Sadly, as a story, the film falters. The first time through, I was amused by the seemingly endless stream-of-consciousness creativity Aubier and Patar are able to dish out, but the second time, I couldn't convince myself that the film had a journey worthy of the longer format (or, really, a plot at all). Cowboy and Indian set the ball rolling by purchasing bricks to build a barbecue for Horse as a birthday present, but the chain of events that follows never offers any sort of unifying central conflict, and the movie feels like two episodes (one about Horse's birthday, and one about Horse's house being stolen) taped together, seasoned with a series of sketches. It certainly builds in scale, but even when the stakes seem massive, it's hard to shake the feeling the film meandered to that point in the narrative. A Town Called Panic might not have the DNA for any sort of emotional or serious intellectual depth, and I'm not arguing that it should, but it does need more of a driving force behind it; when a 75-minute movie feels slow on a second viewing, there's something wrong.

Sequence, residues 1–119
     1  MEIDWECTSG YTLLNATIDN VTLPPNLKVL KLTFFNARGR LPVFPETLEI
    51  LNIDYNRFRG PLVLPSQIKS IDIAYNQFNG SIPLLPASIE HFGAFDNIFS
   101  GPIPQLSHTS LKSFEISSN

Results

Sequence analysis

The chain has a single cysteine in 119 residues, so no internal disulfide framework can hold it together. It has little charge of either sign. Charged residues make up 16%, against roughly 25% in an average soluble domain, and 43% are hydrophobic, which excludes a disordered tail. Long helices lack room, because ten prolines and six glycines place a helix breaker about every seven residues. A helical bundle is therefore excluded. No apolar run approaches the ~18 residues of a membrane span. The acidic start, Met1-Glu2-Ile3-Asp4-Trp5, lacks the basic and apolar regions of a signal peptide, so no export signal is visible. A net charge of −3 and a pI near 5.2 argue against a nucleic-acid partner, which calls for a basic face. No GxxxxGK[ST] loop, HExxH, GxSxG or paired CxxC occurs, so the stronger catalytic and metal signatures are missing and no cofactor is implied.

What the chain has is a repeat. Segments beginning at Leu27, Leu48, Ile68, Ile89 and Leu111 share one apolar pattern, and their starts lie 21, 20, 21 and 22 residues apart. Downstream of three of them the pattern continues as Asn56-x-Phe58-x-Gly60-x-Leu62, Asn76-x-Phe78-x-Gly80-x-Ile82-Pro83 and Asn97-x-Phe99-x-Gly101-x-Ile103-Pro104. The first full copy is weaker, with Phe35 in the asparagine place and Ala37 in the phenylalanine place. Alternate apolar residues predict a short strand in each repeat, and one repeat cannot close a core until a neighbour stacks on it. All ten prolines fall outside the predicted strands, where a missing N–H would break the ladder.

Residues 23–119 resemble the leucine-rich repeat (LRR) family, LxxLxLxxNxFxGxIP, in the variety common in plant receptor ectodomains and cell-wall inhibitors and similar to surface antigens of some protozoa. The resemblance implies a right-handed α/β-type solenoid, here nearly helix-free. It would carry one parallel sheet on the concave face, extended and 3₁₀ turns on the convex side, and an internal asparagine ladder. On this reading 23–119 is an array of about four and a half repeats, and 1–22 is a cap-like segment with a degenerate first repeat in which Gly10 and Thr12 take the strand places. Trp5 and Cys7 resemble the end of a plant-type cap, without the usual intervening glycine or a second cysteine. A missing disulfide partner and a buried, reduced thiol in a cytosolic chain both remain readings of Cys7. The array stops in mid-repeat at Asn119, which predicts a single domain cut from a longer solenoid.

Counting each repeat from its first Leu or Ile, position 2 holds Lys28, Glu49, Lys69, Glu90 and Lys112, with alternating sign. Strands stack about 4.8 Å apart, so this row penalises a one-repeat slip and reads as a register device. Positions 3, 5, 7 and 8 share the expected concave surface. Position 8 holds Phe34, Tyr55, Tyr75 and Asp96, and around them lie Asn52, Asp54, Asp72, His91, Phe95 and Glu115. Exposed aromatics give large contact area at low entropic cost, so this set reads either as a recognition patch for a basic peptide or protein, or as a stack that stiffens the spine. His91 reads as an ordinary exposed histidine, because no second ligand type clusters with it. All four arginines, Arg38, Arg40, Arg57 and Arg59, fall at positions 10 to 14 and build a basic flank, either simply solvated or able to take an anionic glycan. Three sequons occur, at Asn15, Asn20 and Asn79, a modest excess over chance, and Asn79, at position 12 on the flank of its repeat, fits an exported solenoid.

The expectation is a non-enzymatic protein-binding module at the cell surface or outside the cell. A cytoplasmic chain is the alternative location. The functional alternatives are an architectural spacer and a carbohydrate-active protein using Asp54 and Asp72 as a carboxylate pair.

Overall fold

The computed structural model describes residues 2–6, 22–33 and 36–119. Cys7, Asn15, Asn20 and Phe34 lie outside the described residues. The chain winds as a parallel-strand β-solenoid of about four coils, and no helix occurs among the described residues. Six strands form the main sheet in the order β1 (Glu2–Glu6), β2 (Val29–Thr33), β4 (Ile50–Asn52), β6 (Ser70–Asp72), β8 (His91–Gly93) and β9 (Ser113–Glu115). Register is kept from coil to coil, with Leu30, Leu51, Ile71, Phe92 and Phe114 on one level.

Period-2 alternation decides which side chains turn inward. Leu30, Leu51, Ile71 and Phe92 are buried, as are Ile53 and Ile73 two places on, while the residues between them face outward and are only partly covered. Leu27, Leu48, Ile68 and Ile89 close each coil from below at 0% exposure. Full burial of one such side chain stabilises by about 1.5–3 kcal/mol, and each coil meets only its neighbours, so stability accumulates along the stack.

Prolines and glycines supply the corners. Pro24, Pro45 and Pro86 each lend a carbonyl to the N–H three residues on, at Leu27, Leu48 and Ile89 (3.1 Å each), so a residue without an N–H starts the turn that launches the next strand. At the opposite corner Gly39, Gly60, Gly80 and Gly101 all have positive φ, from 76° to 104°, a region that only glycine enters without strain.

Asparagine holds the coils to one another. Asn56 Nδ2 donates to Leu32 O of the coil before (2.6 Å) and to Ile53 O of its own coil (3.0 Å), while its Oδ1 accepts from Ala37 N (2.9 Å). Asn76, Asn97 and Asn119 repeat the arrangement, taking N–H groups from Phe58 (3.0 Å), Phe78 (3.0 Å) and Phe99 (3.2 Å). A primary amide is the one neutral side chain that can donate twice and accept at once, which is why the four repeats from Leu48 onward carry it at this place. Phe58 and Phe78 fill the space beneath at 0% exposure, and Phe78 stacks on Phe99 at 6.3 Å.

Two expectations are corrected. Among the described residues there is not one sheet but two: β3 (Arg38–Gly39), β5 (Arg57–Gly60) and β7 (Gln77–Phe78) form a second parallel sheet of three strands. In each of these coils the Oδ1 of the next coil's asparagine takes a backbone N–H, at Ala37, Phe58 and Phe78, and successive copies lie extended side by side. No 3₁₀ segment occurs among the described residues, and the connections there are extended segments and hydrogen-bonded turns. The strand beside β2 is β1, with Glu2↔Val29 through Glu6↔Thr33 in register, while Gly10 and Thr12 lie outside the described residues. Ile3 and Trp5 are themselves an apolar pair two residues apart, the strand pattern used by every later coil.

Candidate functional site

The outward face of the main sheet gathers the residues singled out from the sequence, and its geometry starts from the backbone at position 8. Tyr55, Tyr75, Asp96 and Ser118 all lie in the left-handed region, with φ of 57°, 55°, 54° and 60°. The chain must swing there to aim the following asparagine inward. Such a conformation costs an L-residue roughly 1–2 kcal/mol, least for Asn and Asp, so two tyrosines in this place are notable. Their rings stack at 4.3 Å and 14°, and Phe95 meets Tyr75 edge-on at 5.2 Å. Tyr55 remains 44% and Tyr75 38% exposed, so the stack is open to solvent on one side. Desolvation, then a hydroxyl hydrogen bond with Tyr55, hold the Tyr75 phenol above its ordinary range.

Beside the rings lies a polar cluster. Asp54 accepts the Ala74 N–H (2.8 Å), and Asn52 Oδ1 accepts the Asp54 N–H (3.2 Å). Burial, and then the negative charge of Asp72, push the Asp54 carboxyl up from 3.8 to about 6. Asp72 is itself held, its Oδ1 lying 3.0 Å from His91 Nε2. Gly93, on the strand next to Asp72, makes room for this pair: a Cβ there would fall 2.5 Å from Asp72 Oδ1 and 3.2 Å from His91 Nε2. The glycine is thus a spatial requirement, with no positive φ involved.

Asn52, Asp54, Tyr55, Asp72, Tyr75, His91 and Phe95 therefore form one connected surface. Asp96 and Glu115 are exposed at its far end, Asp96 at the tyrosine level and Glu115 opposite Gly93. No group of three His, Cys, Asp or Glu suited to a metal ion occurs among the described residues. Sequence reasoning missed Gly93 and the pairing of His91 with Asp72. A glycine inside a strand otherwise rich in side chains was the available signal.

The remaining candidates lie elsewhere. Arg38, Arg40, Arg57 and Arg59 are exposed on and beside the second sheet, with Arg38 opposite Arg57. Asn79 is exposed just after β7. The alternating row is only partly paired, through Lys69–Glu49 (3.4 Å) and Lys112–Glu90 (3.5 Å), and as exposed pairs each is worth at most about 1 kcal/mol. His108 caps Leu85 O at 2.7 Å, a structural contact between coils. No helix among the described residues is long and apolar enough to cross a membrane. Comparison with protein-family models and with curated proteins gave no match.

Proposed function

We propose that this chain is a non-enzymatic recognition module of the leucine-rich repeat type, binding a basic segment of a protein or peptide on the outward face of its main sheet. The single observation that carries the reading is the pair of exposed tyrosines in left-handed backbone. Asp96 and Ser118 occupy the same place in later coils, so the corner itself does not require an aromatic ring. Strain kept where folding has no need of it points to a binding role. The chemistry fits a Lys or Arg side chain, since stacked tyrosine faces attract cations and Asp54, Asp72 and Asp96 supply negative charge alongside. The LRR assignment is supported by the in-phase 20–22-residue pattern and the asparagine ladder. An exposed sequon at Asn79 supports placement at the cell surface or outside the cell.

All in all, A Town Called Panic is a true mixed bag. It took me twice to feel the need to really criticize the film, but there was definitely a twinge of disappointment at the film's limited momentum. At the same time, I just like watching it; it's wholly possible you haven't lived until you've seen Steven's elaborate gambit to get the fish people out of his house (it involves a conveyor belt, and an incredibly unusual projectile). If only the show were availabe in the United States, maybe I could enjoy Aubier and Patar's imagination without the need for a long-form story; it's almost paradoxical how such inventive people could create such a wonderful set of characters in such a great place, and be short on big ideas for what to do with it.
Zeitgeist's cover artwork for A Town Called Panic isn't exactly a triumph of design, but the film is so weird I doubt they could do a better job of crafting a cover that makes any sense. The back cover is much less cluttered and forced than the front cover, and I am pleased to see that there is not only a nice image on the inside front cover, but that the disc also comes with a nice booklet running down the characters and containing a note about the short film "Obsessive Compulsive" (contained on the disc in the Special Features). A postcard promoting The Short Films of The Quay Brothers is also included.